Monthly Archives: August 2011

Stupid Is As Stupid Does

“Stupid”: From the Latin “stupere” – “to be numb.” I think that it would be a good idea for readers interested in contemporary politics in the United States to keep this definition in mind as I offer a few quotes … Continue reading

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Settling Things: A Brief History Quiz

With America already in the throes of the 2012 Presidential election, and with a slate of Republican candidates all vying to prove themselves more patriotic than their rivals, I thought that a brief quiz on the subject of our country’s … Continue reading

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A Brief Comment on Political STYle

26 August 1946 – George Orwell publishes “Animal Farm.” With America in the throes of a Tea Party revolution, it might be a good idea to re-read Orwell’s ever-timely book, just to reacquaint ourselves with the consequences of failing to … Continue reading

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A True Samurai

Born on 25 August 1916 – Sakai Saburo, Japanese aviator and flying ace for the Imperial Japanese Navy during World War II. On the first day that I entered seventh grade, my teacher gave everyone a copy of “The Weekly … Continue reading

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The Void Times Three

“All empty souls tend toward extreme opinions.” William Butler Yeats

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And we are not . . .

“Ah, not to be cut off,” by Rainer Maria Rilke Ah, not to be cut off, not through the slightest partition shut out from the laws of the stars. The inner – what is it? if not the intensified sky, … Continue reading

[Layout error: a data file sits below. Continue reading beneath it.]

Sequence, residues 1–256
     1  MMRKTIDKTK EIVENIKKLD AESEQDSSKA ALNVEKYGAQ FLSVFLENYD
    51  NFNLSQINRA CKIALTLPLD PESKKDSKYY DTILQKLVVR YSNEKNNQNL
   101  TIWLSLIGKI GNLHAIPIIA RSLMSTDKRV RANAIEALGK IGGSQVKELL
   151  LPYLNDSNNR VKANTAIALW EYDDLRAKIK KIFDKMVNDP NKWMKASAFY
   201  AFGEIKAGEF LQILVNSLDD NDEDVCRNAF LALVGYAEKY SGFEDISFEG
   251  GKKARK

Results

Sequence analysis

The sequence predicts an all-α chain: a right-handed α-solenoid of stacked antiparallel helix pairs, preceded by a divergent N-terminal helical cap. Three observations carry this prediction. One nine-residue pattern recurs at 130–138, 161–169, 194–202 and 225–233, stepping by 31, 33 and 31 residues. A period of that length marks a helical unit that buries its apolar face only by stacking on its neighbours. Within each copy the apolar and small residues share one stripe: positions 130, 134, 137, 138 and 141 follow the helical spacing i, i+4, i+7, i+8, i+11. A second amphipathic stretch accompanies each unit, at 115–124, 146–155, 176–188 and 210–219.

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The eyes of Texas are upon us – and we should be very worried

Earlier this week, Texas governor Rick Perry responded to critics who have been skeptical of his Presidential qualifications because of his embarrassingly poor college transcript. The governor replied that his academic performance is not nearly as important as the fact … Continue reading

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“If One Could Forget The Mountain . . .”

17 August 1870 – a climbing party makes the first ascent of Mount Rainier, and one hundred and seven years later, I succeeded in reaching the summit. My sons tease me about how anyone can just “walk up Rainier,” but … Continue reading

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The Cyclone: One Last Ride

16 August 1898 – Edwin Prescott patents the roller coaster, and forty-seven years later his invention achieves perfection in “The Cyclone,” at Palisades Amusement Park in New Jersey. Palisades Park was situated on the bluffs above the Hudson River, and … Continue reading

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Doc Holliday: An Elusive Ghost of the Old West

Born on 14 August 1851 – John Henry “Doc” Holliday, gunfighter, gambler, and dentist in the American Old West. Holliday’s remarkably interesting life is filled with so much myth and legend that there is scholarly disagreement about almost every major … Continue reading

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